How To Do A Seated Leg Press
What Is A Seated Leg Press
The seated leg press is a lower body exercise performed on the seated leg press machine to challenge the glutes, quads, calves, and hamstrings.
The seated leg press follows a similar movement pattern to the squat, but with the legs pushing the load horizontally. Because the torso is supported and the movement follows a fixed path, the seated leg press requires involvement from the core, helping to isolate the lower body more than in squats. This makes the movement easier, allowing for the leg muscles to be exposed to greater loads which can help to build lower body strength and hypertrophy.
The leg press can be used as an alternative to squats, however it is beneficial to include both exercises in your training programme for well-rounded strength and stability.
Commonly Asked Questions On Seated Leg Presses
The seated leg press is a good lower body exercise that can help to build strength and size of the legs. This is a good exercise for beginners learning the movement pattern, and for those who are unable to squat heavy due to core or balance issues. The 45-degree leg press is a more challenging variation that may be preferrable for those wanting to expose the legs to greater loads, as the angle of the plate creates more resistance.
The depth of your leg press will influence how many muscle fibres are recruited during the leg press. Aiming to get your knees to a minimum of 90 degrees will ensure the legs are sufficiently challenged, however the deeper you go the more strength you will build at end range motion. A good approach is to perform some sets at a weight that allows you to reach 90 degrees, then dropping the weight to increase the depth. However, you should only go to a depth that allows you to maintain a flat back – this will depend on your hip and ankle mobility.
There is no correct weight for a beginner to leg press, and several factors will influence how much you can lift. Find a weight that allows you to complete your desired reps close to failure, for example if you are aiming for 10 reps, choose a weight that you can only complete 10-12 with good form.
Seated Leg Press Tips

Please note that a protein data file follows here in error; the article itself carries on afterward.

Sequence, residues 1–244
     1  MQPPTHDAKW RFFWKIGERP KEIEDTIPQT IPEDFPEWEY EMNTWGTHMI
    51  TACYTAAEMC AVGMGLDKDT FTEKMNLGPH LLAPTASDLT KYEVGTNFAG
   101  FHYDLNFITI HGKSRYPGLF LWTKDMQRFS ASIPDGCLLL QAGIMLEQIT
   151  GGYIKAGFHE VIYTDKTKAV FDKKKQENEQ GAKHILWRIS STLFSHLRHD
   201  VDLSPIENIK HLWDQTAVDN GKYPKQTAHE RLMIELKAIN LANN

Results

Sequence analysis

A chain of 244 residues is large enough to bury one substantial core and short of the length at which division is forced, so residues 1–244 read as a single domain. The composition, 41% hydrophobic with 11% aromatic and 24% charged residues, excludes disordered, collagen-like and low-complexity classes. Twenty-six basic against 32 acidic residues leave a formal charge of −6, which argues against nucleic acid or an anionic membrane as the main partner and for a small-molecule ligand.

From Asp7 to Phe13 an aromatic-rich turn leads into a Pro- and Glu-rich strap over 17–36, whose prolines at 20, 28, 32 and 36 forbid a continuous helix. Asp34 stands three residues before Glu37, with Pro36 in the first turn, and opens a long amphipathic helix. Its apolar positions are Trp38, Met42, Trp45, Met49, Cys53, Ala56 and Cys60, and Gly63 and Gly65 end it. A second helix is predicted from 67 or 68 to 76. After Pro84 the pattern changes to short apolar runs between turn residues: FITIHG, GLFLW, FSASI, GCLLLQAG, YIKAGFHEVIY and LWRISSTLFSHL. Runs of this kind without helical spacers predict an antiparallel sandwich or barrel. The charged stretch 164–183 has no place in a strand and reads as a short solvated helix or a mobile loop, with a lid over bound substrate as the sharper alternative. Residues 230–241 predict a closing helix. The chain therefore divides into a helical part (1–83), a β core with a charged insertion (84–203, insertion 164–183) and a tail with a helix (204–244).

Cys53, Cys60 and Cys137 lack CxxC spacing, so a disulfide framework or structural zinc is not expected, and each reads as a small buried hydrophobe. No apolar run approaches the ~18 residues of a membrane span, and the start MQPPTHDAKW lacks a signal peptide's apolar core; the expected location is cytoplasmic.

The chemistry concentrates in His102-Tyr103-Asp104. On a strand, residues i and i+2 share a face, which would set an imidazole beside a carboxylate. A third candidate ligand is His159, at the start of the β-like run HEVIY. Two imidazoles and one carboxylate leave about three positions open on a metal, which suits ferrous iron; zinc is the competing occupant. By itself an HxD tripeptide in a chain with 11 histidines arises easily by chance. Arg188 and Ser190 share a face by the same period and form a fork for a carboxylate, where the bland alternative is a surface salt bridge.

While the leg press has reduced risk of injury compared to free weight exercises like the squat, it is still important to maintain correct form to maximise benefits and minimise injury risk.
A common mistake with the leg press is going to a depth that results in flexion of the spine, which moves tension away from the legs into the lumbar spine. To avoid this, engage the core to press the back flat against the seat, and slowly lower the plate, stopping once you feel the lower back begin to lose contact with the seat.
Another mistake made is pressing the plate through the balls of the feet, rather than driving the force through the entire foot. This shifts tension away from the target muscles, making the leg press less effective. If you struggle to keep your heels planted throughout the exercise, lighten the load.
How To Do A Seated Leg Press
Take a seat on the leg press machine and adjust the seat if needed so that your knees are at least at a 90 degree angle when your back is flat against the support.
Plant both feet firmly on the plate around shoulder width apart, pin your back against the support, and grip the handles.
Engage your core by pulling the belly button towards the spine, then drive through the heels and extend your legs – think about pushing the plate away from you.
Stop when the legs are extended but with a soft bend in the knees to avoid locking out the knees.
Take a short pause before lowering yourself towards the plate until you’ve reverted to the starting position.
If you’re not sure if any of the above exercises are suitable for you, please consult your doctor before you start it. Need guidance on how to perform the exercise? Ask a personal trainer at your gym.